How energy and utilities businesses can meet ESG demands

The energy and utilities sector has a major part to play in helping the world combat the effects of climate change. The good news is that the industry is responding well to the challenge: in 2022, 28% of the world’s total power requirement was fulfilled by renewable energy.

However, there is still plenty of work to be done to increase the contribution that clean energy sources can make, and reduce the reliance on fossil fuels. This won’t be achieved overnight, which is why a strong Environmental, Social and Governance (ESG) strategy is so important in the long-term for every energy and utilities business.

At a time when this sector in particular is receiving heavy public scrutiny around sustainability, no stone should be left unturned in cutting emissions and energy use. One area that is perhaps overlooked is IT, but a more sustainable approach to computing and technology can have a substantial positive impact. This blog explores why ESG targets are so important, and the contribution that IT changes can make.

The importance of ESG targets for energy and utilities

Companies in this sector are under moral and social pressure to act sustainably, and to be transparent about the extent of their sustainability. But now there are also legal requirements to do so, too.

Around the world, ESG regulations are increasingly requiring private businesses of all types to report on, and aim to prevent, any negative impact their operations may have on the climate or environment. These include the European Commission’s Corporate Sustainability Due Diligence Directive, and in the United States, proposed regulations around climate-related reporting put forward by the Securities and Exchange Commission (SEC). In the UK specifically, there are a number of legal requirements being put in place, as part of the Government’s drive to reach Net Zero by 2050.

ESG targets for energy and utilities companies can cover many areas, including (and not necessarily limited to): greenhouse gas (GHG) emissions, manufacturing energy management, sourcing of materials, air quality and water management, biodiversity, community relations, and the health and safety of the workforce.

Improving business efficiency through more sustainable processes

IT makes a major global contribution to GHG emissions, because of the sheer amount of computing power involved in all areas of modern life. However, IT is also an enabler of more efficient ways of working, especially as flexible and hybrid working has become more prevalent.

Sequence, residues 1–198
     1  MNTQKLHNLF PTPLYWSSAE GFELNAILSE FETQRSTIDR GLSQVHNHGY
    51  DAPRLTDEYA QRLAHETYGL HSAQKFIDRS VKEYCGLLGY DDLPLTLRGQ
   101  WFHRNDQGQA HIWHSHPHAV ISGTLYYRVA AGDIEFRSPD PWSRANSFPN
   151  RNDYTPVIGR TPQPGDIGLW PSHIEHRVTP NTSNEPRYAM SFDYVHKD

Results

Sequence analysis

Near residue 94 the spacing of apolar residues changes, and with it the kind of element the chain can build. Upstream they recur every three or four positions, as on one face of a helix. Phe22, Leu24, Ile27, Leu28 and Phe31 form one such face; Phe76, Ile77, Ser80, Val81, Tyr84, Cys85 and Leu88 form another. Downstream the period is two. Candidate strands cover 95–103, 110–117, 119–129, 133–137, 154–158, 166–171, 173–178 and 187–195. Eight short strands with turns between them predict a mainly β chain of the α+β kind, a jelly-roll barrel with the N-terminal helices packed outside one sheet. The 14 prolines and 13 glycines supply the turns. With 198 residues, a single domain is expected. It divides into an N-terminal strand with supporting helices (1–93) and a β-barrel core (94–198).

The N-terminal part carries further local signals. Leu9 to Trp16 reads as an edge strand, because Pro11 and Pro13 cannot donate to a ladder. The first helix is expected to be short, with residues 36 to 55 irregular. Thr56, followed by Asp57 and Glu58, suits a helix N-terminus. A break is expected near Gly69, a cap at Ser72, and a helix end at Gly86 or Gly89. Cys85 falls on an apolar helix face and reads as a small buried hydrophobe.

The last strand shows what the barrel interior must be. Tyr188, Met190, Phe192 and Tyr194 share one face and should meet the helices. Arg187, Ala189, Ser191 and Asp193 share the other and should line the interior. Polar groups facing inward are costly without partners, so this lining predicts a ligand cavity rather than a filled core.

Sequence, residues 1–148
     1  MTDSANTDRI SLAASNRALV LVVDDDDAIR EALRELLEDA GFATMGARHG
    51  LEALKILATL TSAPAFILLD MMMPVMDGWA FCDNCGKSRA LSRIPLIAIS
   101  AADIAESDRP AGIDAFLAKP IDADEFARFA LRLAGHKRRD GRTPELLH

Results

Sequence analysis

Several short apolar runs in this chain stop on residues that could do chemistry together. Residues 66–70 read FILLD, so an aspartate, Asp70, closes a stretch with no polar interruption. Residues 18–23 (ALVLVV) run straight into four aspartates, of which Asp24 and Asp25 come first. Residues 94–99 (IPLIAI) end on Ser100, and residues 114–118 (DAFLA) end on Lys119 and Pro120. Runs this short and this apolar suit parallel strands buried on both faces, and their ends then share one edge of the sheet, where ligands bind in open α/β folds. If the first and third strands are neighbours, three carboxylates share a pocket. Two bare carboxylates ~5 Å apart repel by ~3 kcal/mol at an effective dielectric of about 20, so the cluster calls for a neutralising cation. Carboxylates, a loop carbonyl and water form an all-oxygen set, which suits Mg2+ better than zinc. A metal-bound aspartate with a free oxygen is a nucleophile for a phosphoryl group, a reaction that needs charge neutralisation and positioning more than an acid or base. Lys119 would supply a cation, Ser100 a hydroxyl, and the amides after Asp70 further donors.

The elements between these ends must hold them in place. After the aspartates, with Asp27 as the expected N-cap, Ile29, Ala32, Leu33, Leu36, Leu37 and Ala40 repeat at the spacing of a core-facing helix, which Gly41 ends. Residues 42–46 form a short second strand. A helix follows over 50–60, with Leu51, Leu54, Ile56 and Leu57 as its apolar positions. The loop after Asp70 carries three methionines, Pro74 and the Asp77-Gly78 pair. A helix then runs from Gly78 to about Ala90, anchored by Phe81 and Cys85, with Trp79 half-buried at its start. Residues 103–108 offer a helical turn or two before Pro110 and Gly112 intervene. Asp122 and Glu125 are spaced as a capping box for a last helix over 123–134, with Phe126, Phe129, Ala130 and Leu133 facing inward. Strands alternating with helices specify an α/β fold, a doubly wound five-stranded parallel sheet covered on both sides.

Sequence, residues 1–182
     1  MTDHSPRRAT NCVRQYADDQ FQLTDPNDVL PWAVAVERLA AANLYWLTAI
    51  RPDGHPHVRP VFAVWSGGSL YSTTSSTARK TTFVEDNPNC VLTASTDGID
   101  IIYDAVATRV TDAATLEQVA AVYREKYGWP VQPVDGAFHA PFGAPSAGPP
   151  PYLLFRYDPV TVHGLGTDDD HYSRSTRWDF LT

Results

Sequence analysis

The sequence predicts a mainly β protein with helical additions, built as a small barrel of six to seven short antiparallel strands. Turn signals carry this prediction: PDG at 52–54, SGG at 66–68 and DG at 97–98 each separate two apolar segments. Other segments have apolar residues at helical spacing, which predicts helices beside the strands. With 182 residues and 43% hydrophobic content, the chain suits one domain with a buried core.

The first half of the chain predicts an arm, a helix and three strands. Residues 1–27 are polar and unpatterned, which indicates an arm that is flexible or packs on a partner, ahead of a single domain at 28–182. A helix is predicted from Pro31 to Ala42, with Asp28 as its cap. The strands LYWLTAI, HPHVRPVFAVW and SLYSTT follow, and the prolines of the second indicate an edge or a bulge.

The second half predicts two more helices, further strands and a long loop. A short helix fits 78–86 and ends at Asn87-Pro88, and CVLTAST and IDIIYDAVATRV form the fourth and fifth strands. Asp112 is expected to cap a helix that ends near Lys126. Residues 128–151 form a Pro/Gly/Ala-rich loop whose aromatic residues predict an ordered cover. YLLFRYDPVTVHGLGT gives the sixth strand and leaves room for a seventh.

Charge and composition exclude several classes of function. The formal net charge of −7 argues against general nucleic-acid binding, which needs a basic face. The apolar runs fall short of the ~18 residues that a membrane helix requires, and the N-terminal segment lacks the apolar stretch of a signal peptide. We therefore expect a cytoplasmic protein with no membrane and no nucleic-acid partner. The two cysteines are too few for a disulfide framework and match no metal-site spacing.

The following are just a few of the ways in which IT can drive efficiency and sustainability:

  • Intelligent print services: printing is a sizeable contributor to a business’s carbon footprint for many reasons: the energy and resources needed to produce paper, printers and ink; the electricity that powers the printer; and the extra heating and lighting needed for large-scale filing facilities. Managed print services can help cut all of these emission sources by deploying more sustainable ink technologies, supporting paperless office technologies, and producing energy saving reports throughout print device lifecycles.
  • Carbon footprint reduction: moving desktops into the cloud and extending the refresh cycles of devices can cut the emissions generated by device use and manufacturing. Additionally, IT recycling, refurbishment and reuse services can be used to minimise wastage when devices are eventually replaced, with the knock-on benefit of saving on capital expenditure.
  • Energy-efficient devices: switching to more efficient endpoint devices can cut GHG emissions as less electricity is needed to power them. These devices can also last longer, helping support the longer device refresh cycles mentioned above.

The key benefits for implementing sustainable processes

With these kinds of measures in place, the positive impact of more sustainable operations can be substantial, and stretch far beyond a better contribution to the environment:

  • Meet ESG targets and compliance requirements: more efficient, low-energy operations can help fulfil the criteria set out in ESG strategies, and support compliance with legal requirements.
  • Cut costs: significant savings can be made in energy costs, resource procurement, equipment like filing cabinets, and even on real estate if large physical filing rooms can be scaled back.
  • Improve brand perception: these sustainable actions can demonstrate a meaningful commitment to the environment, which will resonate positively with customers, suppliers and with the general public at large.

In summary

The last point is especially important, as people on the whole are looking for businesses who can follow up their words on sustainability with real action. So while moving towards clean energy is the most direct way that companies in this sector can embrace a greener future, making changes to IT has its own vital role to play, too.

SCC’s Document Services are ideal for energy and utilities companies like you that are exploring a cost-effective route to more sustainable IT.

 To find out more or start your journey. Get in touch

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